To be less sensitive to pain, you might want to hit the hay.
A small new study links sleeping longer at night with decreased pain sensitivity and more alertness during the day.
"Our results suggest the importance of adequate sleep in various chronic pain conditions or in preparation for elective surgical procedures," study researcher Timothy Roehrs, Ph.D., of Henry Ford Hospital. "We were surprised by the magnitude of the reduction in pain sensitivity, when compared to the reduction produced by taking codeine."
The study included 18 people between ages 21 and 35 who were healthy, free of pain and sleep-deprived (their sleepiness was determined by using an assessment called the Multiple Sleep Latency Test). Researchers had some of the participants spend four nights going to bed at their normal time, and had the others go to bed for 10 hours each night. The researchers found that the group who was instructed to spend 10 hours each night in bed slept for 1.8 hours longer than those who were allowed to go to bed at their usual time.
The researchers tested the study participants' pain tolerance by having them do a radiant heat stimulus test, where they had to leave their finger as long as possible by a source of heat. They found that those who were instructed to stay in bed longer were able to keep their fingers by the heat source 25 percent longer than those who got less sleep.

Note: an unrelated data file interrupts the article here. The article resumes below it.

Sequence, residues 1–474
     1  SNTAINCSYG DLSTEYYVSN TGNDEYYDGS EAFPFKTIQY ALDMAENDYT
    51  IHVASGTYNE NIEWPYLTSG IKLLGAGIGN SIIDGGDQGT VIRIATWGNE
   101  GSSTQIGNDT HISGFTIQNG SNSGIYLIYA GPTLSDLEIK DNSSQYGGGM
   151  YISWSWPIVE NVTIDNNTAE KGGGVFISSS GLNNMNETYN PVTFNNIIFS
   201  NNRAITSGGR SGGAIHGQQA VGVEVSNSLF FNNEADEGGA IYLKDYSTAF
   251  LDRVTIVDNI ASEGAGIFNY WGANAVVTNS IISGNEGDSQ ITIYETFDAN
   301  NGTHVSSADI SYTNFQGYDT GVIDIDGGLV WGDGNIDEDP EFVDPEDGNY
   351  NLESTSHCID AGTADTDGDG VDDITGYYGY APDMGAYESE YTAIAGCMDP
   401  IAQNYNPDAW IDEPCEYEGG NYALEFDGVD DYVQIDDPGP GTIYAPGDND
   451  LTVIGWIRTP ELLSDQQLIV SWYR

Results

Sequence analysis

The study authors noted that this improvement in decreased pain sensitivity is even greater than that experienced in a past study that examined the effects of 60 milligrams of codeine on pain sensitivity.
Researchers speculated in the study that this pain sensitivity effect may have to do with cytokines, which are an important player in inflammation. "Pain is a hallmark of inflammation and studies have shown that sleep disruption and sleep restriction activate the pro-inflammatory cytokines, interleukin -6 and tumor necrosis factor alpha," the researchers wrote in the SLEEP study.